First Person is a series of interviews with the first authors of a selection of papers published in Biology Open, helping early-career researchers promote themselves alongside their papers. Arvind Thekkinghat is first author on ‘Apolipoprotein L9 interacts with LC3/GABARAP and is a microtubule-associated protein with a widespread subcellular distribution’, published in BiO. Arvind conducted the research described in this article while a PhD student in P. N. Rangarajan's lab at the Indian Institute of Science, Bangalore, India. He is continuing his studies there, investigating eukaryotic cell biology and gene function.
What is your scientific background and the general focus of your lab?
Both my bachelor's and master's degrees were in biotechnology, which is actually a misnomer. It is a college degree that is a mish-mash of various biology subjects like biochemistry, microbiology, cell biology and immunology, etc. It is quite popular in India and one learns a little bit of everything, giving them the opportunity to specialize later in whatever subject they like best. The general focus of our lab is eukaryotic gene expression, with special focus on yeast biology. Though I worked with a mouse protein, most of my current colleagues investigate metabolism and gene regulation in the respiratory yeast Pichia pastoris. My PI is quite flexible in that he generally encourages graduate students to play around with a couple of research problems before allowing them to choose whatever suits them best. I feel that's good, and it gives students a sense of independence.
How would you explain the main findings of your paper to non-scientific family and friends?
I often say, because it's been less than 20 years since the human and mouse genomes were fully sequenced, that it's an exciting time to work in biology and will continue to be so for a long time. A lot of genes are poorly characterized, and there's a lot of work left to be done. The protein I worked with, ApoL9, is found only in the mouse and rat genomes. I tried to answer the most basic questions, like which tissues the protein is expressed in and what compartments of the cell it might have functions in. The protein revealed its secrets to us rather slowly, and we found that it travels to a lot of compartments inside the cell. We already knew that it bound a specific type of membrane lipid. Now we know that it might regulate autophagy, which is a process by which material inside the cell is recycled. It also binds to wiry structures called microtubules that have many functions in the cell, including transport. I'm sure this is not the last we'll hear about this protein.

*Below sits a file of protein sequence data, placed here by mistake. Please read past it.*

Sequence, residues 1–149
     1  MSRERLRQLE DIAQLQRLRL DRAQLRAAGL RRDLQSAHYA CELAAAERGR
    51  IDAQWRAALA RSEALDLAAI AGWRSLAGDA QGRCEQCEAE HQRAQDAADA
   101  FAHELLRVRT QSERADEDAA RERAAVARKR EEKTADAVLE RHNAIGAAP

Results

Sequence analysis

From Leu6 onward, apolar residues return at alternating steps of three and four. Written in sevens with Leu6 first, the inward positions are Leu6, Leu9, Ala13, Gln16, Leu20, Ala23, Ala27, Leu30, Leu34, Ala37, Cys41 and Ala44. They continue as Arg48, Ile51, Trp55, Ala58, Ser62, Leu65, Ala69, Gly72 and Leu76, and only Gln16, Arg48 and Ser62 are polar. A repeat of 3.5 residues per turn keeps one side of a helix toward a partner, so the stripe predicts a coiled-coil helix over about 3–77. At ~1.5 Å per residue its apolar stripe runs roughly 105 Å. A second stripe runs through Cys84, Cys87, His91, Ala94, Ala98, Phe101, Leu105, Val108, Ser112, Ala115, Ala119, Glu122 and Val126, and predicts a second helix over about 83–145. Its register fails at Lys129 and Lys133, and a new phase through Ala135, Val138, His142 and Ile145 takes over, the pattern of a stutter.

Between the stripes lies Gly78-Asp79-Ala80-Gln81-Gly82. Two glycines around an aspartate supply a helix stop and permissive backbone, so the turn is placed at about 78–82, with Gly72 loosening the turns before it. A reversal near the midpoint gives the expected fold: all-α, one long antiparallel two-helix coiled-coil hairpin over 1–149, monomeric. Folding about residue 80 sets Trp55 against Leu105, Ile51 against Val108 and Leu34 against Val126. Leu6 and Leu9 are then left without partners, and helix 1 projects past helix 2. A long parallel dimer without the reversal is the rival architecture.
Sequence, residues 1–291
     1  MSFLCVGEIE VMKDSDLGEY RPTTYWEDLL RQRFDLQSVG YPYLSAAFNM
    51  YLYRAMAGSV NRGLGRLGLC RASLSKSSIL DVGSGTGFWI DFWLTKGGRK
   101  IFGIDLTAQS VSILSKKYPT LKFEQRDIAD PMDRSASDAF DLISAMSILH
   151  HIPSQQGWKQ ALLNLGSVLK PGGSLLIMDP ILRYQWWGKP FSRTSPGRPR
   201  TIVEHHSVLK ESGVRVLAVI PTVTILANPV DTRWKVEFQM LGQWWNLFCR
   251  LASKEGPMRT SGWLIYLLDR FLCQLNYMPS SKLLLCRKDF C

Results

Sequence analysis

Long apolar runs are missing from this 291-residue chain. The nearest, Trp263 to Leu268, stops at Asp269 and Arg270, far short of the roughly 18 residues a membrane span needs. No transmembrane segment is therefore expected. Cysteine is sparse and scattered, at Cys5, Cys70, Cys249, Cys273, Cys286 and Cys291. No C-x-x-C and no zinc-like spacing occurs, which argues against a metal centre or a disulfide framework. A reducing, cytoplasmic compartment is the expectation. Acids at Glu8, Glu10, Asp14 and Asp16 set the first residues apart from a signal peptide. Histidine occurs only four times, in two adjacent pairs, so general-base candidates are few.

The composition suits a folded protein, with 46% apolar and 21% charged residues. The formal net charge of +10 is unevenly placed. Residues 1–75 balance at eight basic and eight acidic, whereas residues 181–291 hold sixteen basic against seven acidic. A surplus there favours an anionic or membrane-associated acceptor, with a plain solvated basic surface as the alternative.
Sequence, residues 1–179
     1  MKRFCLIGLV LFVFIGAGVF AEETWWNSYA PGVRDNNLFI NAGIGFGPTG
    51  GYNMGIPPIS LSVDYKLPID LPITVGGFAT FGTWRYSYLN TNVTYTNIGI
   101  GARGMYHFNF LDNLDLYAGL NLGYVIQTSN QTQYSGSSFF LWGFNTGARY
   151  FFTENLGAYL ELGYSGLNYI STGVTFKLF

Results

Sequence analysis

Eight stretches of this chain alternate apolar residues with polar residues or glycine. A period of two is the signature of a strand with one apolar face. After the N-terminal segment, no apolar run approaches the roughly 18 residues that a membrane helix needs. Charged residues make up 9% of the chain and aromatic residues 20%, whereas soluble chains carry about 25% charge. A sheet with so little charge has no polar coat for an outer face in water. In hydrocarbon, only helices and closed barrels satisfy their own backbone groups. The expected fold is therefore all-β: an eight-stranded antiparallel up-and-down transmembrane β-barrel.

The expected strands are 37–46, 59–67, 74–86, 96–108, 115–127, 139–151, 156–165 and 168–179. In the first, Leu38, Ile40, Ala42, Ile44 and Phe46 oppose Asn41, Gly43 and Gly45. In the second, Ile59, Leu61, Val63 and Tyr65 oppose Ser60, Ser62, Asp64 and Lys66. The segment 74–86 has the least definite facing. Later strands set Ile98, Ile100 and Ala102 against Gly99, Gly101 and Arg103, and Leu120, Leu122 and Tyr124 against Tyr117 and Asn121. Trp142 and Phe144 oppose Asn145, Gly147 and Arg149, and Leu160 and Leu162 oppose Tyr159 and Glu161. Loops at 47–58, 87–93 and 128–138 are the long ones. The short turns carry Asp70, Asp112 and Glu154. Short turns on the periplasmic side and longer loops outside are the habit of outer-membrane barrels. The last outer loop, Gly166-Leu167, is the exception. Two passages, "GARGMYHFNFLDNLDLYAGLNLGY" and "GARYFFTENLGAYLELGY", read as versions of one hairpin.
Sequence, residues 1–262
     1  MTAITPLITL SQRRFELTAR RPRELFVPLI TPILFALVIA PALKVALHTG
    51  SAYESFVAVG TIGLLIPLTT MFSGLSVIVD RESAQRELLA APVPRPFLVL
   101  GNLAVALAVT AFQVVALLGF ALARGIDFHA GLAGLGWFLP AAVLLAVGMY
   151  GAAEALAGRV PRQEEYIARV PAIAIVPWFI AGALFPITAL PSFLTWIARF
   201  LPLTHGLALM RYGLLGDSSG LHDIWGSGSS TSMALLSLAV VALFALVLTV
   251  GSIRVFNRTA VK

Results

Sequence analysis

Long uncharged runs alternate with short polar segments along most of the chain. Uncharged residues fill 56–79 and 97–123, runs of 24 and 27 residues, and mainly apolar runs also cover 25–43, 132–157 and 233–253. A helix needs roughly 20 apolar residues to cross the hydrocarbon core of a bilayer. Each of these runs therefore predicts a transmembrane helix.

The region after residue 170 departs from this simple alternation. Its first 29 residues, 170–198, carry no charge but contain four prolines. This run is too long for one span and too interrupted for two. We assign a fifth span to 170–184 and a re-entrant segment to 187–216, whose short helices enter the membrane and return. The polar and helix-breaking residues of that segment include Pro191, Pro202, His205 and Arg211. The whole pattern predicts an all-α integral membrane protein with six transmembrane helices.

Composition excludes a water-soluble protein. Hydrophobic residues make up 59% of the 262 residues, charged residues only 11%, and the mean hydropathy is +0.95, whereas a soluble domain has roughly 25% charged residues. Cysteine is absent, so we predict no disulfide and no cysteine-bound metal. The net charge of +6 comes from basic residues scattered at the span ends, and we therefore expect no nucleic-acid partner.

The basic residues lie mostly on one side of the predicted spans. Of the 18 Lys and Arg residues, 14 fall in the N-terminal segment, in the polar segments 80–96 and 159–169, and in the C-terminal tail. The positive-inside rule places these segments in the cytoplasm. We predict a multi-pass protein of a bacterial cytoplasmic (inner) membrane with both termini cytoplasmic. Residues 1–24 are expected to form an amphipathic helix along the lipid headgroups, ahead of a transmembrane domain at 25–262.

“It's an exciting time to work in biology and will continue to be so for a long time.”
What are the potential implications of these results for your field of research?
These results are likely to be of interest to researchers working on areas like lipid biology, autophagy and membrane dynamics. I don't think there are many proteins that can potentially interact with lipidated LC3, which is the LC3 that sits on autophagosomes, by binding to its lipid moiety. There are a large number of autophagy regulators and we've added one more into the mix. The question of why this gene is taxonomically restricted and what roles it plays in tissues like liver and brain need answers. In general, it is more difficult to study lipids than proteins. The work carried out in this paper doesn't really fall within the primary area of research in our lab, which is yeast biology, but I believe we've done our best to tease apart the basic properties of this protein. Someone, somewhere, should knock out this protein in mice and see what happens.
What has surprised you the most while conducting your research?